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The Judgment of Paris and its Impact on the History of California Wine

The Judgment of Paris had a significant impact on the world of wine. In 1976, a blind-tasting competition known as the Judgment of Paris took place in France, where California wines outperformed French wines, shocking the wine industry and forever changing the way the world perceived American wine. 

In this blog post, Caves Wine Shop shares how the Judgement of Paris forever changed the world’s perception of American wine - especially wine from Napa Valley, CA.

What Was the Judgment of Paris? 

The Judgement of Paris was a blind wine tasting conducted in May 1976 by Steven Spurrier, a British wine merchant in Paris, France. Ten French judges were asked to rate wines from California and France. The French judges were known experts in the wine industry and were expected to declare French wines as the clear winners. However, the results were shocking: California wines outscored French wines in both categories, with a Chardonnay and a Cabernet Sauvignon from California taking first place.

The impact of the Judgment of Paris was tremendous. It brought worldwide attention to California wines, previously considered inferior to their European counterparts. The competition paved the way for the modern wine industry in America and challenged the long-held belief that only European wines were of high quality. The Judgment of Paris also opened up new markets for American wines, which have become increasingly popular over the years.


The Original Tasting, 1976: A New Era of California Wine

The 1976 Judgment of Paris made Napa Valley, CA a world-class wine region on the map. It also showed the world that fine wine can be made in America and doesn’t just need to come from French soil. For decades, winemakers held that mindset, and this tasting proved them all wrong.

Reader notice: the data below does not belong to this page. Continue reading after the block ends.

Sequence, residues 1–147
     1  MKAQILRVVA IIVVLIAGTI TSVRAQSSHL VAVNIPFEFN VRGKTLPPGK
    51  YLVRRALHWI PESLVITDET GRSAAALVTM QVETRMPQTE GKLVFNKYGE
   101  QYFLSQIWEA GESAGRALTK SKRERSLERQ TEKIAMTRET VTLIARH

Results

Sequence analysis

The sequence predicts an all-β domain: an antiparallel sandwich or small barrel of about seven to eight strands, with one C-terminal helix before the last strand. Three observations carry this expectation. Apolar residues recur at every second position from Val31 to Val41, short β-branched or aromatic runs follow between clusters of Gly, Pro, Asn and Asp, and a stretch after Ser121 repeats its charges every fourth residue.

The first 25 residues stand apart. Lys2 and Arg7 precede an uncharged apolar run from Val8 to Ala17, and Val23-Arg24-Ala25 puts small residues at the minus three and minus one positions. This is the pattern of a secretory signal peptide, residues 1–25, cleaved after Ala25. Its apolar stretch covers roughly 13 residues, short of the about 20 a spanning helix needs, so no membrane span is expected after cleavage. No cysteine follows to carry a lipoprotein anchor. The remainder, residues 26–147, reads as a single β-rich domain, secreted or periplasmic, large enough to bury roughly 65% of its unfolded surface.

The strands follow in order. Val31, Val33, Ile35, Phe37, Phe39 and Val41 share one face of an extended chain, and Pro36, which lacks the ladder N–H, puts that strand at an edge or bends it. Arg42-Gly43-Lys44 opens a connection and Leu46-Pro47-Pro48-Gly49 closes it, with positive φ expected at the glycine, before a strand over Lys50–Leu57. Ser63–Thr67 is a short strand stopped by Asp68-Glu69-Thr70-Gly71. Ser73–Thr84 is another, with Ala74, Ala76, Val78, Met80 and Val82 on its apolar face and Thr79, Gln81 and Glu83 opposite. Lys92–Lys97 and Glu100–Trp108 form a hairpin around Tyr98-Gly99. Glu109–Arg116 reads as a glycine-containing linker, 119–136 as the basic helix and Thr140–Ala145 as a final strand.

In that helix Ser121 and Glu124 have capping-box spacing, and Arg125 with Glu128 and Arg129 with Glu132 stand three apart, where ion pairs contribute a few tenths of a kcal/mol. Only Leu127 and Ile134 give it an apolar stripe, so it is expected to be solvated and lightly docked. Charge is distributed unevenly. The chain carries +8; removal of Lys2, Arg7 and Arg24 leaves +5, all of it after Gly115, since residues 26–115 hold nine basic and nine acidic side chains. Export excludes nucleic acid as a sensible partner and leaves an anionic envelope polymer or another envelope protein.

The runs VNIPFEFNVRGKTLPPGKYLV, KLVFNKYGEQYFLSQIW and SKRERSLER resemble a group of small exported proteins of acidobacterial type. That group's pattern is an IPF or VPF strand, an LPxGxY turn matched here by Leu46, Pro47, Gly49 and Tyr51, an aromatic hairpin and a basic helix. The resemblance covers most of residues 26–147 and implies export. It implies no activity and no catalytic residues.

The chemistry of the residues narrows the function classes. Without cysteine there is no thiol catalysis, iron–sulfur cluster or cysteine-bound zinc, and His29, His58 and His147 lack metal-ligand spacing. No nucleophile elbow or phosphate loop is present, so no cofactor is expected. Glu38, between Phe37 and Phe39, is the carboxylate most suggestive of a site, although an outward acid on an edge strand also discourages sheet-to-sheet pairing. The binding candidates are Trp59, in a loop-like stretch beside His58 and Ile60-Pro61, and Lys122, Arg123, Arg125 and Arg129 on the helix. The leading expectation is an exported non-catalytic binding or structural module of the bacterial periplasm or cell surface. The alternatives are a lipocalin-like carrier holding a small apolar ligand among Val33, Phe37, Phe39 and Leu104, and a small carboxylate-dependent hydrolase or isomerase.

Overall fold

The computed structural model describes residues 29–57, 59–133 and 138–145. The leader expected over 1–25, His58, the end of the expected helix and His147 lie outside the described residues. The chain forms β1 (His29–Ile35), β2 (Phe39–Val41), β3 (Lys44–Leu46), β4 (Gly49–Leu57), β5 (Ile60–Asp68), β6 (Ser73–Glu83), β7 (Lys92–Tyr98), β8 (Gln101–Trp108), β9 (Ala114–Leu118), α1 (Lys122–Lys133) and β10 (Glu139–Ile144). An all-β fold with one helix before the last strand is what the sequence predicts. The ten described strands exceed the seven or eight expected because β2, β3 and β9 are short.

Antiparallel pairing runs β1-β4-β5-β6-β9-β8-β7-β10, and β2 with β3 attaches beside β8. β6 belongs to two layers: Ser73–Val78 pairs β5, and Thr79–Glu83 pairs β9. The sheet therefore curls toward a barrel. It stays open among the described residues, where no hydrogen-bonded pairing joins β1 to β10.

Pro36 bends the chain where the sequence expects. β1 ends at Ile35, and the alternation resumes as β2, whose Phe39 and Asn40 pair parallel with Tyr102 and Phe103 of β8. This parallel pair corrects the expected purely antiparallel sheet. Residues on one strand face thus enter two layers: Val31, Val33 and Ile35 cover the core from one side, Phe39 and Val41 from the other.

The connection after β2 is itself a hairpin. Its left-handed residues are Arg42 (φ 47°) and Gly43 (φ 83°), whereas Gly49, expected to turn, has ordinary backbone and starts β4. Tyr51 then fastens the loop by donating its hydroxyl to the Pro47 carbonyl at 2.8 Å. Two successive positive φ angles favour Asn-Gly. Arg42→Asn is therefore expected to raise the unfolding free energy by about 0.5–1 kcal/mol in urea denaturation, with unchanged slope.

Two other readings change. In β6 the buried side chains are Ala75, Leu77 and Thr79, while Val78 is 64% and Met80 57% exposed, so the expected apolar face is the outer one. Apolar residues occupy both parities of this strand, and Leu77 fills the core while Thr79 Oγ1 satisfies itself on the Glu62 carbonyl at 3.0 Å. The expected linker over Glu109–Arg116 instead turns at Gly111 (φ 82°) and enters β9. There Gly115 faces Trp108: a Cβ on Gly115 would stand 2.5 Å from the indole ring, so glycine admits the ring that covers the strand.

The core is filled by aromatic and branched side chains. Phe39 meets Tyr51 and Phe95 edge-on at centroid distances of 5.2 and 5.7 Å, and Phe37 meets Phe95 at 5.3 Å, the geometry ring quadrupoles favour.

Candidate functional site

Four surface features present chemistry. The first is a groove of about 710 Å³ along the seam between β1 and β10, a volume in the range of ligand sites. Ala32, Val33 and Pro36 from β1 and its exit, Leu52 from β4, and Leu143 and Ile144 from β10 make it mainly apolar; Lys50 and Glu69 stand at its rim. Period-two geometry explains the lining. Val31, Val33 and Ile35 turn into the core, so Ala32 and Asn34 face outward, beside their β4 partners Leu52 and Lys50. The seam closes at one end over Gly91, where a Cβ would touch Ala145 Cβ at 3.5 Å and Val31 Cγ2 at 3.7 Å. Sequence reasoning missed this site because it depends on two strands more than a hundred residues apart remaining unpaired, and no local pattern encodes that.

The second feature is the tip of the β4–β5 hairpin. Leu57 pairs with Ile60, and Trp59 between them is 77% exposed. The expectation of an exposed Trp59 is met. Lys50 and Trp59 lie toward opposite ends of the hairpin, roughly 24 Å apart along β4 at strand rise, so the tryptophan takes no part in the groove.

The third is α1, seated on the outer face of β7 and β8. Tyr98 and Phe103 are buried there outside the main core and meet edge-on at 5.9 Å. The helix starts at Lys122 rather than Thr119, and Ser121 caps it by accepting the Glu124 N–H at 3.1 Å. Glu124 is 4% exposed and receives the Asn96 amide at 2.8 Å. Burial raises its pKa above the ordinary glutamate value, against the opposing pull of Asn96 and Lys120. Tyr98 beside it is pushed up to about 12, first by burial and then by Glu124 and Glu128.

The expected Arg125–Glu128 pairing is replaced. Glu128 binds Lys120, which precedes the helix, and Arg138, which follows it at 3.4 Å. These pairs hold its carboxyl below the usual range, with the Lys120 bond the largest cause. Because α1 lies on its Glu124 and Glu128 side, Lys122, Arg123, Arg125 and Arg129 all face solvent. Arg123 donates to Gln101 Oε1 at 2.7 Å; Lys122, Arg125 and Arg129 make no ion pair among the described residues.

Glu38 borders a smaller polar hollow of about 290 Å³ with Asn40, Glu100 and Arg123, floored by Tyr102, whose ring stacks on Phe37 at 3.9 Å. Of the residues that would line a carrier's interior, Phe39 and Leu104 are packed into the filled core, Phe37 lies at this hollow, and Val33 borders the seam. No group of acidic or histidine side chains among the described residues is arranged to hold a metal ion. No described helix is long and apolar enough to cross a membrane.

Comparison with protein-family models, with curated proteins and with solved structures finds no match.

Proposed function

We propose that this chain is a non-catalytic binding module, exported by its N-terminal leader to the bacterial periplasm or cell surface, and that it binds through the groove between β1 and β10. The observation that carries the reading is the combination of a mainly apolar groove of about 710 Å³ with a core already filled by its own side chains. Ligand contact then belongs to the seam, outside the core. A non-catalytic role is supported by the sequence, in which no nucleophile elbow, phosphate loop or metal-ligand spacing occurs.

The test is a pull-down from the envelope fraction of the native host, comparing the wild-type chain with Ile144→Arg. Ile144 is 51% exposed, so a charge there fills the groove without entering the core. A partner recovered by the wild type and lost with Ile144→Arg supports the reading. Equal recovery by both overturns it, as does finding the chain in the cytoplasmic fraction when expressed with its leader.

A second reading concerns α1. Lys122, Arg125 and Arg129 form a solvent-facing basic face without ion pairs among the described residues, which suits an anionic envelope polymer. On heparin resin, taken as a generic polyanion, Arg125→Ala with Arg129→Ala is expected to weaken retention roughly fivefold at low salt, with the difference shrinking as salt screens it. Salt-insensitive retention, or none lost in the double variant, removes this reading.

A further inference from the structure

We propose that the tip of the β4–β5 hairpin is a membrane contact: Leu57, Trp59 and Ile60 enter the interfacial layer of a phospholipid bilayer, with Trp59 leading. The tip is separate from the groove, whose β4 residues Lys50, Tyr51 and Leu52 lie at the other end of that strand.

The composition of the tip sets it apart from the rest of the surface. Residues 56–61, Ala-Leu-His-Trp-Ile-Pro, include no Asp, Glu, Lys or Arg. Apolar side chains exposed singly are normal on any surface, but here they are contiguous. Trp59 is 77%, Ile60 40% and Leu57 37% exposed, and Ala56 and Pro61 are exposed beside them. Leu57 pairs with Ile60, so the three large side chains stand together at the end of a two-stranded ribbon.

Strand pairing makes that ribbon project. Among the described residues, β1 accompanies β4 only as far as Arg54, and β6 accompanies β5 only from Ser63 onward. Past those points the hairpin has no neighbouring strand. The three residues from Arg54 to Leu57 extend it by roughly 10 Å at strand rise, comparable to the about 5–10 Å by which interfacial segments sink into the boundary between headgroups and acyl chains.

The Legacy of the Judgment of Paris for California Wine


The Judgment of Paris marked a turning point in the wine industry and has had a significant impact on the world of wine. The competition challenged the notion that only French wines were of high quality and paved the way for a new generation of winemakers around the world.

In addition, the Judgment of Paris inspired other wine competitions, including the Decanter World Wine Awards and the International Wine and Spirit Competition. These competitions have become important events in the wine industry and provide a platform for new and established winemakers to showcase their wines.

California’s victory also inspired other winemakers in different parts of the world to produce wine, including winemakers in South Africa, Italy, Chile, Australia, and New Zealand. What an exciting time for wine!

Today, American wines are widely recognized as some of the best in the world, and the legacy of the Judgment of Paris continues to inspire new generations of winemakers.


Which Wines Won the Judgment of Paris?

In the white wine category, the 1973 Chateau Montelena Chardonnay from Napa Valley, California, won the top prize. In the red wine category, the 1973 Stag's Leap Wine Cellars Cabernet Sauvignon from Napa Valley, California, won first place beating the best French wines from Bordeaux.

Both of these wines were from California and were judged superior to some of the most famous and expensive French wines of the time.


Learn more about the history of wine by joining our wine club. We feature new wine each month along with a wine guide to teach you all about your wine, the winemaker, and more.